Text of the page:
HIPAA Privacy Rule
The Privacy Rule is intended to protect research subjects’ health information and to ensure that investigators can access and use medical information necessary for research. The HIPAA Privacy Rule (§45 CFR 164.501, 164.508, and 164.512(i)) outlines the conditions under which health care providers, as part of a covered entity, including physician-investigators, can use or disclose protected health information (i.e., any health-related information that can be used to identify a person) for conducting research. The Privacy Rule defines research as “a systematic investigation, including research development, testing, and evaluation, designed to develop or contribute to generalizable knowledge.” Under the Privacy Rule, health care providers may always use or disclose de-identified health information—that is, data stripped of any links to a person’s identity (in accordance with 45 CFR 164.502(d) (link is to an external PDF) (PDF, 156KB) and 164.514(a)-(c) (link is to an external PDF) (PDF, 159KB))—for research purposes.
The Privacy Rule also outlines how health care providers should inform people participating in research of the use and disclosure of their medical information for research, as well as the participants’ rights to access that information.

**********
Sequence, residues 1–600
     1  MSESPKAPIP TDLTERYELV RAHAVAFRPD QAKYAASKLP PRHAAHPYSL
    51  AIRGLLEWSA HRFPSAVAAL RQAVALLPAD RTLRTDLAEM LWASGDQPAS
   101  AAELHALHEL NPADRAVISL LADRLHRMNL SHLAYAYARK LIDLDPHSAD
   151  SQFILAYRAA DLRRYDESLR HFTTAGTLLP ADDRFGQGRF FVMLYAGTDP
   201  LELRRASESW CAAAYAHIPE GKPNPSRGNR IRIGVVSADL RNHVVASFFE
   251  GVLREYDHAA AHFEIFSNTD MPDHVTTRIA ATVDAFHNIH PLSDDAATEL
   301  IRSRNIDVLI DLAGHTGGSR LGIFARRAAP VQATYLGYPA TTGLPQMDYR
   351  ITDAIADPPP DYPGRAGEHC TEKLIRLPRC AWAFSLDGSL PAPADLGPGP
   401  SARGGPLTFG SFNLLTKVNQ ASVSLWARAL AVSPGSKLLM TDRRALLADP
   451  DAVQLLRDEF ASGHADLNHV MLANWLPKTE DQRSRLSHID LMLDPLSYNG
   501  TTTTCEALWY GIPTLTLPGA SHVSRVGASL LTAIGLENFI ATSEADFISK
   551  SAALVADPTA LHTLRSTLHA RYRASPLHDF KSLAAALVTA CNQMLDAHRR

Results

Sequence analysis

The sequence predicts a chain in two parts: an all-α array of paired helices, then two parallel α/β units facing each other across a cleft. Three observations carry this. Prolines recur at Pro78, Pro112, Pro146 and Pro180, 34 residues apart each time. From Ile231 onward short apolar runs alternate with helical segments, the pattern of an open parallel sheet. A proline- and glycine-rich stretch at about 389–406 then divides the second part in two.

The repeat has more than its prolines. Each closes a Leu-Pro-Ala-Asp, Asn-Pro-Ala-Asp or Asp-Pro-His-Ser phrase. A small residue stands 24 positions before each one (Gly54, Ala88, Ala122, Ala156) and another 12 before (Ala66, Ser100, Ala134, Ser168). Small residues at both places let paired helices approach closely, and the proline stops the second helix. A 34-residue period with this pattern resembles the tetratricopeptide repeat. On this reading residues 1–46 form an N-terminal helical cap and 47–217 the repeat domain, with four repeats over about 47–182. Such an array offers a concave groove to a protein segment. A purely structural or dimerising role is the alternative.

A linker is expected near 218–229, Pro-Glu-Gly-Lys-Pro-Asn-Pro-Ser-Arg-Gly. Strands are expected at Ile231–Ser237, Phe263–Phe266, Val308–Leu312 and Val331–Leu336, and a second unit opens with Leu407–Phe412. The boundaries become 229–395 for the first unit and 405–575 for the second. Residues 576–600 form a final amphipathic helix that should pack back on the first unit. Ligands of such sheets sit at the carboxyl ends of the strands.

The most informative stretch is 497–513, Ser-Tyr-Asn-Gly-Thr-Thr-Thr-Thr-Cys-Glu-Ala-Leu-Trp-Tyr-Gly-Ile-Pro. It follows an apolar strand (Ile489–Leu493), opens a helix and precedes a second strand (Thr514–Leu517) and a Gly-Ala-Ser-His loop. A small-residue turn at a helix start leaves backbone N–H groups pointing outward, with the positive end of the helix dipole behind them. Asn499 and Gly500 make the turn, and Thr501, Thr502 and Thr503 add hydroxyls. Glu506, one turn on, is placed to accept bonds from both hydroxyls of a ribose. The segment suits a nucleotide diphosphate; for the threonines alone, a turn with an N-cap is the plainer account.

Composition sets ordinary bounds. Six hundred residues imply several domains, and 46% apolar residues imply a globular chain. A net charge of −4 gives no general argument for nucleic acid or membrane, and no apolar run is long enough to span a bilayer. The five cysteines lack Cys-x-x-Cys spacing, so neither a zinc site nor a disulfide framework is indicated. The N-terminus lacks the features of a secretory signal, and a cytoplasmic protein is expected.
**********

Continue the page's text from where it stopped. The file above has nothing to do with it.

The Privacy Rule builds upon existing, separate Federal protections for human research subjects, including the Common Rule (45 CFR 46, Subpart A (link is to an external PDF) (PDF, 154KB)) and the Food and Drug Administration’s human subject protection regulations (21 CFR 50 (link is to an external PDF) (PDF, 203KB) and 56 (link is to an external PDF) (PDF, 198KB)), which also protect privacy and confidentiality of information.
The Privacy Rule states that researchers may obtain, create, use, and/or disclose protected health information from research participants who have given authorization. Researchers may use protected health information without a person’s authorization when one of the following conditions is met:
- A researcher obtains documented approval from an institutional review board (IRB) or privacy board (see 45 CFR 164.512(i)(1)(i)) (link is to an external PDF) (PDF, 167KB). For example, investigators may seek IRB approval when research involves the analysis of medical records from which de-identified information cannot be used and participants’ authorization cannot be obtained.
- Protected health information is used or disclosed to prepare a research protocol, design a study, or explore the feasibility of conducting a study (see 45 CFR 164.512(i)(1)(ii)) (link is to an external PDF) (PDF, 167KB).
- Protected health information is used or disclosed for research on people who have died (see 45 CFR 164.512(i)(1)(iii) (link is to an external PDF) (PDF, 167KB)).
- Researchers enter into a data use agreement under which a limited data set omitting direct identifiers is used (see 45 CFR 164.514(e) (link is to an external PDF) (PDF, 155KB)).